Recently I went down at the HTG Summit
in Dallas—four days of deep dives
into my business, my colleagues’ businesses and training sessions related to
becoming a better businessman. The free sharing of ideas is what draws me most
to these events, allowing me to really learn more about our industry and business,
and do my best to enable my business to go forward.
The Summit itself, however, is only
the end of one cycle of preparing. I wrote a commentary
piece earlier this year about quarterly goals, and this is the first “check
in” on that process. Here’s a little insight into how we try to organize our
business to have that rhythm and heartbeat of the business.
Every quarter has goals that are determined. Ideally, we’ve laid out our
one-year goals and are looking 12 months ahead to know where we want to go. (This
is the intention, even if we don’t always hit it!) With that 12-month
direction, we’re targeting the 3- to 5-year destination, assuming that the 12-month
plan provides the tactics to get us moving correctly toward our long-term goal.
To make these goals more tangible, we present our quarterly goals in our
internal staff meetings, which then are broken into monthly, weekly and even
daily steps. If we’re doing things right, daily and weekly movements are
just small steps in our plan to hit the longer-term goals.
Since the goals are vetted both internally by staff and externally by my HTG
colleagues, it gives me a pretty good sense of where the business is going to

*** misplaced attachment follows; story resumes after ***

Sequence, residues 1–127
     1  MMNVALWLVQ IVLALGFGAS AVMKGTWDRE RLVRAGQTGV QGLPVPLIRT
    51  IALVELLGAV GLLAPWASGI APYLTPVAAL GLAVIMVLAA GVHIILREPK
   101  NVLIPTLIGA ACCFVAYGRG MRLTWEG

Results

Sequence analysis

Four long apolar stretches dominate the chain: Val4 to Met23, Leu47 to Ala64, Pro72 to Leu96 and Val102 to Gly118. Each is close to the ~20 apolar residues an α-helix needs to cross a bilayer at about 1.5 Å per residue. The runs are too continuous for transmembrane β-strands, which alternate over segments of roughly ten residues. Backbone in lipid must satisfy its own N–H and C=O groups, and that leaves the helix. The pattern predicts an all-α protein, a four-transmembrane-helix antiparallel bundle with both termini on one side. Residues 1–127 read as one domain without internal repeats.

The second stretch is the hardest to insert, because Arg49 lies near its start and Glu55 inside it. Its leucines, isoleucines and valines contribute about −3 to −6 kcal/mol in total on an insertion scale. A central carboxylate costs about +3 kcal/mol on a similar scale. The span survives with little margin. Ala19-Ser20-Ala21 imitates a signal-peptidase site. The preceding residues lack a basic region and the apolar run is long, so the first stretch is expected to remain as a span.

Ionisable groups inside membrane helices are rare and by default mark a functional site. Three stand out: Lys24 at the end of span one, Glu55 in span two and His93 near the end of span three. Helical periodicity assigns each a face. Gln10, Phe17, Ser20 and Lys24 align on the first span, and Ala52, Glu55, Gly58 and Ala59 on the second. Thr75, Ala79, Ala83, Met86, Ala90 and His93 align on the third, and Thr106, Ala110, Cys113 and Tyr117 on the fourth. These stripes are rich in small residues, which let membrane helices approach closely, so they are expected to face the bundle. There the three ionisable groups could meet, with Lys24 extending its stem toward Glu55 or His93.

go, and it communicates it effectively with the team.
Adding to this is an emphasis on metrics. Each goal should be measurable, and
we determine what steps we need to get there. We pull our metrics from our
financials and from our PSA tool, ConnectWise, and ensure we know how we’re
doing. With a simple glance at my office dashboard, I know how our service team
is doing, how much billing we need to do, how busy my sales team is, and any
Finally, we layer our financial metrics on this to see if we achieved our
goals, and what we can do to improve beyond this. Our HTG group fully
participates in the Service Leadership Index benchmarking process, which we use
to compare ourselves.
Does this seem like a lot of planning? Absolutely. It’s a time
investment, but without it, how would we know how we’re doing? If you don’t
plan, you’re simply planning to fail. With all this, that doesn’t mean we
aren’t afraid to take a risk and try something new, but we should know why
we’re doing it.
HTG simply brings the structure to a forefront. By planning, we’re making
intelligent decisions about what we want to do, and by consulting with other
colleagues on a regular basis, we get the benefits of that collective
intelligence and can make course corrections as needed. The investment of
energy in other people’s businesses also drives enthusiasm, and gives us people
to turn to when we need it. It’s a labor of love.